60 Second Interview: Content executive

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60 Second Interview: Content executive

Content executive Jessica explains what you need to do if you want to write for a career - and why she wishes she'd asked more questions at school. 

Name: Jessica Lindley

Company: instantprint

Industry:  Print industry (marketing)

What is your job? Content executive 

How long have you been doing this job? 1 month

Education

University: The University of Sheffield

Degree subject: BA English Language and Literature

A-levels: English Literature, English Language, Psychology, AS-Level Media Studies

1. What was your very first job?

When I was doing my A-Levels at college, I also worked part time as a waitress in a family pub/restaurant. Looking back, this job gave me a huge boost in confidence and allowed me to develop my communication skills which are crucial for the job role I’m in today.   

2. What did you want to do when you were at school?

I always wanted to be an author. I used to write stories at school and ‘release’ new chapters every so often to give to my friends, who’d all sit around and read them in the hallways.

3. How did you find out about the industry?

Stories weren’t the only thing I wrote – I tried my hand at a few different writing activities, including writing for my college newspaper. When I started blogging in my free time, I realised that this was what I really wanted to do. Once it dawned on me that most companies have a blog and that it was actually someone’s job to write those blogs and the companies’ website copy, I knew that I’d found what I wanted to do.

4. How did you get there?

As well as studying English Language and Literature at University (and therefore getting a lot of writing experience), I also took part in voluntary work to get a taste for different industries. I really enjoyed my work experience in a communications team, where I had my first go at writing a press release. 

When I finished university, I also worked as a content editor for an apprenticeships company, proofreading learning materials, which meant my SPAG (Spelling, Punctuation and Grammar) skills had to be amazing.

5. What is a typical day like?

One of the great things about my job is that no day is ever the same. (That sounds like a cliché, doesn’t it?) I do loads of different writing tasks, from website copy, emails and blog writing, to social media and press releases. And even then, no email or blog is ever the same.

Before I start writing, I have to conduct ample research and planning too, which can be really interesting. At school I never really valued how important building research and planning skills would be in later life! As a rule, I like to work backwards, for example, I’ll think what my end goal is, and lay out the steps I need to take to get there.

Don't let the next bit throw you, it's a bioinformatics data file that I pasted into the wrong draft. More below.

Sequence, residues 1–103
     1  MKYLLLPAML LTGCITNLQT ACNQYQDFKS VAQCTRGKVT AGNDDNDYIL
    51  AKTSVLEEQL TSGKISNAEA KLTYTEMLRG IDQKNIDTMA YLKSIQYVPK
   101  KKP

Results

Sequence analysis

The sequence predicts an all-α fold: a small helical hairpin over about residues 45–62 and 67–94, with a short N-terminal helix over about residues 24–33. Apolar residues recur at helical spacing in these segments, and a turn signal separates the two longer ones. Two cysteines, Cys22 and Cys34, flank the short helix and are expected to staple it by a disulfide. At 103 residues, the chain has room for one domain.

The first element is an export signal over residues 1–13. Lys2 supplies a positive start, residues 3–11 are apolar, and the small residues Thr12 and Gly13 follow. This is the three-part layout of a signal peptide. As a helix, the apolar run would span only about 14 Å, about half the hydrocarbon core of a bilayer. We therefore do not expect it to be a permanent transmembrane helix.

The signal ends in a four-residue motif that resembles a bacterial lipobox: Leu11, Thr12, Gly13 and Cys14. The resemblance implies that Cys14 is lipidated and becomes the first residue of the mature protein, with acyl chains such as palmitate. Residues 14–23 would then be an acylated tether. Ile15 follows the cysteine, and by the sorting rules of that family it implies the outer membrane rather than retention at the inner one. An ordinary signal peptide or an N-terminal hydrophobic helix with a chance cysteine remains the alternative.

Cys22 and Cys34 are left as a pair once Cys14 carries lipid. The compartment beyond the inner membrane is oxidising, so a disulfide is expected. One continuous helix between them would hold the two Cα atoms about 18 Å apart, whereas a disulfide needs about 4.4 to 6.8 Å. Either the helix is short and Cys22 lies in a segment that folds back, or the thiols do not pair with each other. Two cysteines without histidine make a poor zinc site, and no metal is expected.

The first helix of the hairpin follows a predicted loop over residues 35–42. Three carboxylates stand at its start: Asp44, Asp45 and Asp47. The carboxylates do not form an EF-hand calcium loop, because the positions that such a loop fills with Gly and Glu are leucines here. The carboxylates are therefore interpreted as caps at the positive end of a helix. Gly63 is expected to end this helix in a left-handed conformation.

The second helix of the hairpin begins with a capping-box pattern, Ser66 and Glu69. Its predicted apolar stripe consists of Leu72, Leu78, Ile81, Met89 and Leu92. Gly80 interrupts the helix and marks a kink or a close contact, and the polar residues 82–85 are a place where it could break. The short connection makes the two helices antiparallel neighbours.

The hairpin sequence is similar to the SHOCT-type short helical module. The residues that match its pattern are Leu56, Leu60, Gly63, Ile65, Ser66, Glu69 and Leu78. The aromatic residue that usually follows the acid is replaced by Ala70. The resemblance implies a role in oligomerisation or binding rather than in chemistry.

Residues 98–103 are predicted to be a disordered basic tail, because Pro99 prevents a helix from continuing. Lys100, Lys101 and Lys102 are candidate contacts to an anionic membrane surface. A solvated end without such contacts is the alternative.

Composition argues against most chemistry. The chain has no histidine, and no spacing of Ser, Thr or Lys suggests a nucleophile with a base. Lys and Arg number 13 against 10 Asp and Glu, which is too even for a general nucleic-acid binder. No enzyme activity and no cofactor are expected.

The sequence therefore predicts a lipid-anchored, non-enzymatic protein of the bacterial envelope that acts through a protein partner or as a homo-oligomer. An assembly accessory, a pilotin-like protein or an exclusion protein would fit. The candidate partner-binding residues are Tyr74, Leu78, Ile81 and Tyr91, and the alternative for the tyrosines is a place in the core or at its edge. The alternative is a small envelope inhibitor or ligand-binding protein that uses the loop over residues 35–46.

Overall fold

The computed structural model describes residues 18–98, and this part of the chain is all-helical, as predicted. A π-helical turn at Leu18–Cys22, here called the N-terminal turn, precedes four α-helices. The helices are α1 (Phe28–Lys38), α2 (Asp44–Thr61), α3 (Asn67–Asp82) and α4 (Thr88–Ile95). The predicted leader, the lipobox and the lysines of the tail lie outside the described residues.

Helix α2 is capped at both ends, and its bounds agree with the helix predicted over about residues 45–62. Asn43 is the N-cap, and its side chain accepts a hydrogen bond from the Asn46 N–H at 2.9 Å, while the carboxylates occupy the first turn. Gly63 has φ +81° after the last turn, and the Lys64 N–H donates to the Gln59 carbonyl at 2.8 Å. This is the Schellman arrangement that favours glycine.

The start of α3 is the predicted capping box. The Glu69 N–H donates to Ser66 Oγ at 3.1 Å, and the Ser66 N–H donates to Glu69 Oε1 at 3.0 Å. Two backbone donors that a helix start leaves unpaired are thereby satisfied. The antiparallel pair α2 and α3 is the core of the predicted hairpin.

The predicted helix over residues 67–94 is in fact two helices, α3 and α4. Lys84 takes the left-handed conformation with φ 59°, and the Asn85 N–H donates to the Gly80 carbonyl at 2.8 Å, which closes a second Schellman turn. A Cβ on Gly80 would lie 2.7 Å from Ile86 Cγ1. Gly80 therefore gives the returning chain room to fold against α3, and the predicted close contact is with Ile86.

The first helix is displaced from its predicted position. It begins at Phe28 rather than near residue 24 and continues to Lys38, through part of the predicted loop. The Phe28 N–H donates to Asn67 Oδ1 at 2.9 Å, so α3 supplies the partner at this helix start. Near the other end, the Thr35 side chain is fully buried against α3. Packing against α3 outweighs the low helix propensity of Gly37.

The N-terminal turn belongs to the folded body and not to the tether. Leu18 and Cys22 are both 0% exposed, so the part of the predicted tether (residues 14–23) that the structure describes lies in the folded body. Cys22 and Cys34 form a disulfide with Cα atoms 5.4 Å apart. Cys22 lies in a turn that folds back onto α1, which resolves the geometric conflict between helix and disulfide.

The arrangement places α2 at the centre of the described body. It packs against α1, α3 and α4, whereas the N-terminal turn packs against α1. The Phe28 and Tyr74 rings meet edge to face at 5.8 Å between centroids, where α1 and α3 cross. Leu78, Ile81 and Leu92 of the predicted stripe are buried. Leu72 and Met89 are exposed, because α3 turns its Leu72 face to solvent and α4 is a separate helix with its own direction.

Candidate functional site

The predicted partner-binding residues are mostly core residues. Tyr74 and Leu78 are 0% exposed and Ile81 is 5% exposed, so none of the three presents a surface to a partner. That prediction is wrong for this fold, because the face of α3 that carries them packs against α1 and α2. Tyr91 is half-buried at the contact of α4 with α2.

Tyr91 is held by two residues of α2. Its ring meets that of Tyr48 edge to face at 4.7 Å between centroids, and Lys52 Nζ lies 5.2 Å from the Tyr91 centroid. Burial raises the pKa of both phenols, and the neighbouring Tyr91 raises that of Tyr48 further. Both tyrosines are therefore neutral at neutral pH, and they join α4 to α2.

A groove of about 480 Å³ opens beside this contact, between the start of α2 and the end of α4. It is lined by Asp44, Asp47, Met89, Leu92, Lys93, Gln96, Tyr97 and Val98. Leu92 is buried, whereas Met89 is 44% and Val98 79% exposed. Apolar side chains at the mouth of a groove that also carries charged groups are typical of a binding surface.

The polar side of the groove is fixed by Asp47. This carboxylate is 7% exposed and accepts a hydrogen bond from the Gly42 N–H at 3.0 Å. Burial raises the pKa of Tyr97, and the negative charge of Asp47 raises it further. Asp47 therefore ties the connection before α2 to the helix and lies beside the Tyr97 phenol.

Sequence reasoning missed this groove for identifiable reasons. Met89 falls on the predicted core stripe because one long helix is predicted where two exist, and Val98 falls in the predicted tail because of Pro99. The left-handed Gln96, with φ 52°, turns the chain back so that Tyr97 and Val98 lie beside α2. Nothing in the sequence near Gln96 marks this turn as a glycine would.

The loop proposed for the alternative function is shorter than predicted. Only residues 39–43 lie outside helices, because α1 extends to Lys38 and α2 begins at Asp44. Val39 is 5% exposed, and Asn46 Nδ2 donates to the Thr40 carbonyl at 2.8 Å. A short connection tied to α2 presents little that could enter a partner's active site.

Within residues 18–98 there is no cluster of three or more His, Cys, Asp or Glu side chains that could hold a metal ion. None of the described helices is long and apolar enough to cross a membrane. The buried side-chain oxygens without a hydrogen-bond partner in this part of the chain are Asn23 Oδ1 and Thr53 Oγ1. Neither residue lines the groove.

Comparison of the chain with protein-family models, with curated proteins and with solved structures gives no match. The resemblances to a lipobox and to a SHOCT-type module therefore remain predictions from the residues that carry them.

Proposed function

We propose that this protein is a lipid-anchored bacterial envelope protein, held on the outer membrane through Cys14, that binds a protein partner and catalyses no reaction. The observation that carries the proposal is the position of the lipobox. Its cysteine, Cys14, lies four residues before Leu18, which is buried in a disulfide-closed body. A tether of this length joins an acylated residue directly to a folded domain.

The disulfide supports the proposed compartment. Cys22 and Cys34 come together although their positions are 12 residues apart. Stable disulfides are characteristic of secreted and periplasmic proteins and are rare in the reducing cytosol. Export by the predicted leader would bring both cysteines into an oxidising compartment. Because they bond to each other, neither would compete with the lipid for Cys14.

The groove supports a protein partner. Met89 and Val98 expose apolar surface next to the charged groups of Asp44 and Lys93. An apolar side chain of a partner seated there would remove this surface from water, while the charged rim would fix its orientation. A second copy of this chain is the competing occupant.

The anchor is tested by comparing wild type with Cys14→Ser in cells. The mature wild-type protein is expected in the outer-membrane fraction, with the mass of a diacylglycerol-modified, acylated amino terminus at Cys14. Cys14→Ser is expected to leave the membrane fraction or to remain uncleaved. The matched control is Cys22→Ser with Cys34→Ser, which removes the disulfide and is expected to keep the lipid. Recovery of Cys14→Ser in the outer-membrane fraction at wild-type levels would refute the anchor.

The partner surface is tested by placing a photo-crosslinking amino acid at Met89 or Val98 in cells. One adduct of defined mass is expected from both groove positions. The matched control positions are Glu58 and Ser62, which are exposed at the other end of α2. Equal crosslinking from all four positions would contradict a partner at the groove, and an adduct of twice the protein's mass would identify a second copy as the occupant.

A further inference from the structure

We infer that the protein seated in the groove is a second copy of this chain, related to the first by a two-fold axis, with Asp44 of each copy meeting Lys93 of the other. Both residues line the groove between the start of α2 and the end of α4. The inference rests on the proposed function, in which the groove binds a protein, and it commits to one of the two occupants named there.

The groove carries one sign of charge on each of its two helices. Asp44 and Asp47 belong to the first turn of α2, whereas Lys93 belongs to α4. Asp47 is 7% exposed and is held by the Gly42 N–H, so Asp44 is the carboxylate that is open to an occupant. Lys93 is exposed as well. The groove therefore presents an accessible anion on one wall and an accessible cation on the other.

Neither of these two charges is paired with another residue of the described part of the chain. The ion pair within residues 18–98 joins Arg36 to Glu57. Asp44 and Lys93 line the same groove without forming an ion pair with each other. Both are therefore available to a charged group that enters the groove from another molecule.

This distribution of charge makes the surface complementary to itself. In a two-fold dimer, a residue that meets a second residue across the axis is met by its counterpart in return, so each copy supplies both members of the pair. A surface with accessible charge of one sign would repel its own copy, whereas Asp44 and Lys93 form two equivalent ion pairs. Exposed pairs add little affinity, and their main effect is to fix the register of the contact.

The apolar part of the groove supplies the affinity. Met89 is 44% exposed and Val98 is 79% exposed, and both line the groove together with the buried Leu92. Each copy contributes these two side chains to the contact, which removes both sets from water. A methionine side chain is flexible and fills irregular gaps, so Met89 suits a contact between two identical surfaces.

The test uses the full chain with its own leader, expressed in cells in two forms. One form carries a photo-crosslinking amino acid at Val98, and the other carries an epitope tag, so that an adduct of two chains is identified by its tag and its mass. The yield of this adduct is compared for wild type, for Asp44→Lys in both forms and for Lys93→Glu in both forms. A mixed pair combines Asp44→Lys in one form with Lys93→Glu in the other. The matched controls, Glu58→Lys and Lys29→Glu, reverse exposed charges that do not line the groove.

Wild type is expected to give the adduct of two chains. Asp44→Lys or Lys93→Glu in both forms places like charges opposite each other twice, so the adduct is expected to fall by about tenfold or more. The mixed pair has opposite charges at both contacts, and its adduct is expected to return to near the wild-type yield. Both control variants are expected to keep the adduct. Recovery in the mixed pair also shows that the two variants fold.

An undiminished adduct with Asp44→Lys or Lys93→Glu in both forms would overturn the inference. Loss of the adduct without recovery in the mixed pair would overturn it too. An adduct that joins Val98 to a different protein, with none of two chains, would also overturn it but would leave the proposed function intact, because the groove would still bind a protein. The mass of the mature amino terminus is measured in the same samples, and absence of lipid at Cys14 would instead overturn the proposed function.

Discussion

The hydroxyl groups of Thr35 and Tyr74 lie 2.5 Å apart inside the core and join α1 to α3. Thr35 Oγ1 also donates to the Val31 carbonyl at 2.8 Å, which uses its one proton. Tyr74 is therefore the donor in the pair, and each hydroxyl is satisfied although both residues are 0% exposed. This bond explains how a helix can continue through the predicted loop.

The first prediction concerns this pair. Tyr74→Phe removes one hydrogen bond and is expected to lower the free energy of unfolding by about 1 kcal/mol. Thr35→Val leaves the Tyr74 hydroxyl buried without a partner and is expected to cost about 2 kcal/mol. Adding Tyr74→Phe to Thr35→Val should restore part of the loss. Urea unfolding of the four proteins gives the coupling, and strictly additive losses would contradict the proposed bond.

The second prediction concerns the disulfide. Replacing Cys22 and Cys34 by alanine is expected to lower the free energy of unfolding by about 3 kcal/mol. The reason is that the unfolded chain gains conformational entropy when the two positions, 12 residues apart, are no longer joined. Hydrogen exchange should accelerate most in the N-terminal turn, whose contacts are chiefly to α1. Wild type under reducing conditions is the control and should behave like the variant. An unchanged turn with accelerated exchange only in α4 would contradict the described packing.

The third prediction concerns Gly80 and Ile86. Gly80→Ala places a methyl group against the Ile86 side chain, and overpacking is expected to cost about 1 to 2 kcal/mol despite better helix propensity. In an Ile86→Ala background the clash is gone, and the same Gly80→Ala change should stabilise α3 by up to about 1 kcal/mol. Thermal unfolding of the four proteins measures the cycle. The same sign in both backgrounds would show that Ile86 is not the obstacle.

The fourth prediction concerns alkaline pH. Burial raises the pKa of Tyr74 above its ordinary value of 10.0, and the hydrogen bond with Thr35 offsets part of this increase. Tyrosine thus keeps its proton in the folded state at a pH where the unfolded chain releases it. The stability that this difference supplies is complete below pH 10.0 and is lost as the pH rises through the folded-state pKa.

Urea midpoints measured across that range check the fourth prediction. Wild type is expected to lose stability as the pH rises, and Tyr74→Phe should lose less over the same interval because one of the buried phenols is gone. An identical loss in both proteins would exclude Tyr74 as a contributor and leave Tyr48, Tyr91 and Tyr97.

6. What’s the best thing about your job?

I love that I can manage my own workload. As long as I meet my deadlines, there are no rules about what I write when, or even if I want to switch tasks midway through! I’ve had jobs before where every minute of my day is managed for me, and this job is great because it doesn’t have those same restrictions. I have the breathing space that’s necessary for creativity.

7. What is the most challenging thing about your job?

My previous experiences of writing had all either been for my degree or for pleasure, so writing from a marketing perspective was a completely different kettle of fish. SEO, keywords and organic search results are all terms that were completely new to me but are now part of my everyday life.

8. What advice do you have for people who want to do what you do?

Keep reading and keep writing. The best writers are those who practise their craft. It’s really helpful to write for the public – whether that’s through a blog or your school/college newspaper. It can be a bit nerve-racking at first because it feels like you’re sharing something very personal, but the more writing you make public, the easier it gets and the more confident you become.

9. What things do you wish you’d known before starting your career?

When I was at school, I tended to take lessons at face value. When you’re researching case studies in science, or drafting a geography essay about volcanoes, it can be easy to think ‘How is this relevant to me and my life?’, but it’s the transferable skills behind these tasks that hold the true value – those are the skills you’re going to be using for the rest of your life, so you’ve got to hone them while you can. I wish I’d asked more questions and gotten more out of those tasks than I probably did.

10. Where would you like to be in 5 years?

In 5 years’ time, I’d love to be using my copywriting experience to help my own team of writers produce high-quality work.

I also think there’s huge potential for instantprint’s startup hub blog which provides advice for small businesses, meaning I could be even more involved in producing resources for students and entrepreneurs to help their businesses succeed.

If research, writing and bags of creativity are right up your street - and you want the kind of flexibility Jessica has in her job - take these first five steps along your digital marketing career.

Main image via Pexels

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